“I love her first smile when I go to her crib in the morning, and also her giggles in general and the whole belly laugh (when I’m lucky)—it’s THE BEST!” —Sarah M.

“One of my daughters always gets up and dances when music is on TV, like suddenly the spotlight is on her. I love this confidence and ability to let the spirit move her…quite literally.” —Victoria V.

“My son’s eyes widen up like saucers when he’s floored by some new discovery. As in: ‘Oh my gosh, there are white chocolate chips?’ Or, ‘What?! We’ve never had a girl president before?’” —Amy Y., mom of a 7-year-old

“My daughter calls brights (the car lights) brighters and we just love it. My son, at 9 years old, can’t say ridiculous and still says rudiclus, and it’s super cute.” —Vanessa M., mom of a 5- and 9-year-old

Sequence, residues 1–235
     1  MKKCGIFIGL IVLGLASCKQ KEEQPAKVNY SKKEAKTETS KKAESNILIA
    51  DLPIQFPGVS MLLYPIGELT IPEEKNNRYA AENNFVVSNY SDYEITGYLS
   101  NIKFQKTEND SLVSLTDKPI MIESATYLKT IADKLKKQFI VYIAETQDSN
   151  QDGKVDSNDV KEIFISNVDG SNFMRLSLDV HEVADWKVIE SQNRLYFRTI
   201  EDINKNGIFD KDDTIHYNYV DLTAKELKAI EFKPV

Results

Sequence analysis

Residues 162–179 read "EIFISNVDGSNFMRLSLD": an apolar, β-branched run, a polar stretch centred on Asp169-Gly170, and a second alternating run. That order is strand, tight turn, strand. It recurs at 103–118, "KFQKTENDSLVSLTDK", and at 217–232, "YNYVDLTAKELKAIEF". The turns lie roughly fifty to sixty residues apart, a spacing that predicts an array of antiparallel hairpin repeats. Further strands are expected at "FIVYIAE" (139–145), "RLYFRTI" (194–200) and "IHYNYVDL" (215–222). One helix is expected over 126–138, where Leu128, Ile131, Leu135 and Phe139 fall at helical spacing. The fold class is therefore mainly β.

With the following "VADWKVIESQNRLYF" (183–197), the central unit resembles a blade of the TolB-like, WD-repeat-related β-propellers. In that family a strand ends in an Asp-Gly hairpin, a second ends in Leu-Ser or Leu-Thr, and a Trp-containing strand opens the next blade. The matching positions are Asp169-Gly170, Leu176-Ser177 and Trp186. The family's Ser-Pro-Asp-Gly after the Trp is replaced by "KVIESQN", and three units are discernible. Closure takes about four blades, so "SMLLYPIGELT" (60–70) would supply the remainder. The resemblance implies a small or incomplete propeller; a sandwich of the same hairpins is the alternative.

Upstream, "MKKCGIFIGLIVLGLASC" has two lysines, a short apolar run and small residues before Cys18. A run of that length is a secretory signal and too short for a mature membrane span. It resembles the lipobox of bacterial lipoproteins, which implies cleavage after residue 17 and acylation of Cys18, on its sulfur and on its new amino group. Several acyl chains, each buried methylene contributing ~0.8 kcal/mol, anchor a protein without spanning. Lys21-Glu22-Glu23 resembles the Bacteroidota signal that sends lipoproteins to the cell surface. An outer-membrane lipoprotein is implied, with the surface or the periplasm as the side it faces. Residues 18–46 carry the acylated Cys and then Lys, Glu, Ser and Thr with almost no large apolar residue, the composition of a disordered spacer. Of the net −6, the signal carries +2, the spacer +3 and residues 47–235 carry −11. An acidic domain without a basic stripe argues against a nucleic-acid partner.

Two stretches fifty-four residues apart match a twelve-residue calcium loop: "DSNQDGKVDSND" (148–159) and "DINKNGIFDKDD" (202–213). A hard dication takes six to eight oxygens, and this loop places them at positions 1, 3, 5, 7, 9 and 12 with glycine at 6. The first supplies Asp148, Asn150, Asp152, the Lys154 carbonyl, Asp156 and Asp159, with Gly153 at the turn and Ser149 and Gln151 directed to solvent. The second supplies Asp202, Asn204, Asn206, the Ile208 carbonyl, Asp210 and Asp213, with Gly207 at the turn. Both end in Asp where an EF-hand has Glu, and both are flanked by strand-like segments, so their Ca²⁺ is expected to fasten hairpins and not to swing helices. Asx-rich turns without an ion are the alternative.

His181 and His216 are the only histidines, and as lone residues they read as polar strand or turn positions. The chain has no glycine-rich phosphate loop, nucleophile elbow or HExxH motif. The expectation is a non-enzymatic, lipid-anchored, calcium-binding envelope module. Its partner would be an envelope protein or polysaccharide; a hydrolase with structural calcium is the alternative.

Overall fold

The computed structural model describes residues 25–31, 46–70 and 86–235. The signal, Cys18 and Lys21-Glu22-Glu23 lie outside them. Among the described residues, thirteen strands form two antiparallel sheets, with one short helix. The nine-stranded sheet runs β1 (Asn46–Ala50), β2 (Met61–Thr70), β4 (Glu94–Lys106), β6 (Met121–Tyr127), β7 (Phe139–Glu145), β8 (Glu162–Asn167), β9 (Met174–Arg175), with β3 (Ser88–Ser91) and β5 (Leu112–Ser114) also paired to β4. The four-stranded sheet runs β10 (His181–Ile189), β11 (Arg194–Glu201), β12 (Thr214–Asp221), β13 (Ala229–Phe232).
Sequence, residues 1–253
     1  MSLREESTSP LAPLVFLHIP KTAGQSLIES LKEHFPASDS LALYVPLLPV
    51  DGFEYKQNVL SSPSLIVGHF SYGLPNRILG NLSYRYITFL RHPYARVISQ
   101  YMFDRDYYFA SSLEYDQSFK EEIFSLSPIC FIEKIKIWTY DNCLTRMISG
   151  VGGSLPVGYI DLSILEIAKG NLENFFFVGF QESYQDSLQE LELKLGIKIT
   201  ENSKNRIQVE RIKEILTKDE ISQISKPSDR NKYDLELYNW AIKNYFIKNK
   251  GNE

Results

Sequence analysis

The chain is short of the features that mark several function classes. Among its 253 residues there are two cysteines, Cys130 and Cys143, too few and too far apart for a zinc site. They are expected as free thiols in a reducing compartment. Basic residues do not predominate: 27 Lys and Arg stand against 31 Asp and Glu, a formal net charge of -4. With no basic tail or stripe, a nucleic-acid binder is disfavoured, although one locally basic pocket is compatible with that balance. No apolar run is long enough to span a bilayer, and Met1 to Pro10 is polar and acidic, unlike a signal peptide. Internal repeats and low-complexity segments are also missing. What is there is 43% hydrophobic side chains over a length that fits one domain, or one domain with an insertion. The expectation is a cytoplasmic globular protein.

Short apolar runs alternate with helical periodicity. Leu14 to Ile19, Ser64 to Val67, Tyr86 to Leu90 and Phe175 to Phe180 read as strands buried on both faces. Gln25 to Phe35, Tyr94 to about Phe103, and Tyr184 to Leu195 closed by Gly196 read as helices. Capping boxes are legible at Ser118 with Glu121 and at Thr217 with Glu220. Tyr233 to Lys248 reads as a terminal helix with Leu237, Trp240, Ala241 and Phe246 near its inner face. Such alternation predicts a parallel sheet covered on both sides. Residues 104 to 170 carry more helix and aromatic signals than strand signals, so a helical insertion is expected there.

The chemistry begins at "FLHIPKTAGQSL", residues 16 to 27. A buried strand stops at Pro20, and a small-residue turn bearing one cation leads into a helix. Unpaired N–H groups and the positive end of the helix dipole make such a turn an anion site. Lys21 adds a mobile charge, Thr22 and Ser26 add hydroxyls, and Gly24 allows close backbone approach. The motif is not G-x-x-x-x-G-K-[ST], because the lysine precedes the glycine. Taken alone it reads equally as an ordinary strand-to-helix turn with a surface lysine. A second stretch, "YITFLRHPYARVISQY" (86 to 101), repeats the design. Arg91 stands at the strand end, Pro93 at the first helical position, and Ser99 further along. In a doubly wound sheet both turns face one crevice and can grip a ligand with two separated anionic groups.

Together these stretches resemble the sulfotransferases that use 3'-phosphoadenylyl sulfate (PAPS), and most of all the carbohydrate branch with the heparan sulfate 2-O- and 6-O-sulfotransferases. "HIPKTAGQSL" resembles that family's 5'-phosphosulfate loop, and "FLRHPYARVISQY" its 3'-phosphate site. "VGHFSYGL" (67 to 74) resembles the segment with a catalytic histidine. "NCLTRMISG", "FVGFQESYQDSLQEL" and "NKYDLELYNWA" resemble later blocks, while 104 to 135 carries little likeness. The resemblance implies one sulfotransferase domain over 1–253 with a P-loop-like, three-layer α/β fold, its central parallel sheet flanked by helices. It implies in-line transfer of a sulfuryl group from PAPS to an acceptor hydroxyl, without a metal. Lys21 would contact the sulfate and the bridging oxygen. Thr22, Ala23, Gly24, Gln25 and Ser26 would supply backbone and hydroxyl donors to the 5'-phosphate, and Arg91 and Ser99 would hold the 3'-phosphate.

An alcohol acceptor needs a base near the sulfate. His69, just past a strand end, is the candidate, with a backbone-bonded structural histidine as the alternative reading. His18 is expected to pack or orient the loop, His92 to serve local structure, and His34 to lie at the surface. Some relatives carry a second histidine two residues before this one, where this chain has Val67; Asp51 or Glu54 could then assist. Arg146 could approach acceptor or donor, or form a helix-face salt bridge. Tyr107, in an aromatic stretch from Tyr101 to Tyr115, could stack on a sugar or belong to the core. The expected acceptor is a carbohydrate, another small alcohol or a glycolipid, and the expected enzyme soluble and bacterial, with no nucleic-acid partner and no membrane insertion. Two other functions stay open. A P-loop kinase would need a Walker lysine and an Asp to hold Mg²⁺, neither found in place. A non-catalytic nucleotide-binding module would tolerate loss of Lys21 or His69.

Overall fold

How to Relish the Small Moments

It’s okay—and sometimes even preferable—just to let those little moments be. Make a mental note, let the warmth wash over you, and consider it your fuel. But you can also consciously acknowledge it, which brings on a new array of benefits.

Remarking on the moment outloud can be educational for older kids. For example, by simply saying, “That’s so sweet when you do that,” you’re actually building their self-awareness, Abdullah says—“the awareness that what they do affects another person. It’s a dynamic exchange that builds opportunities for learning compassion, gratitude and empathy.”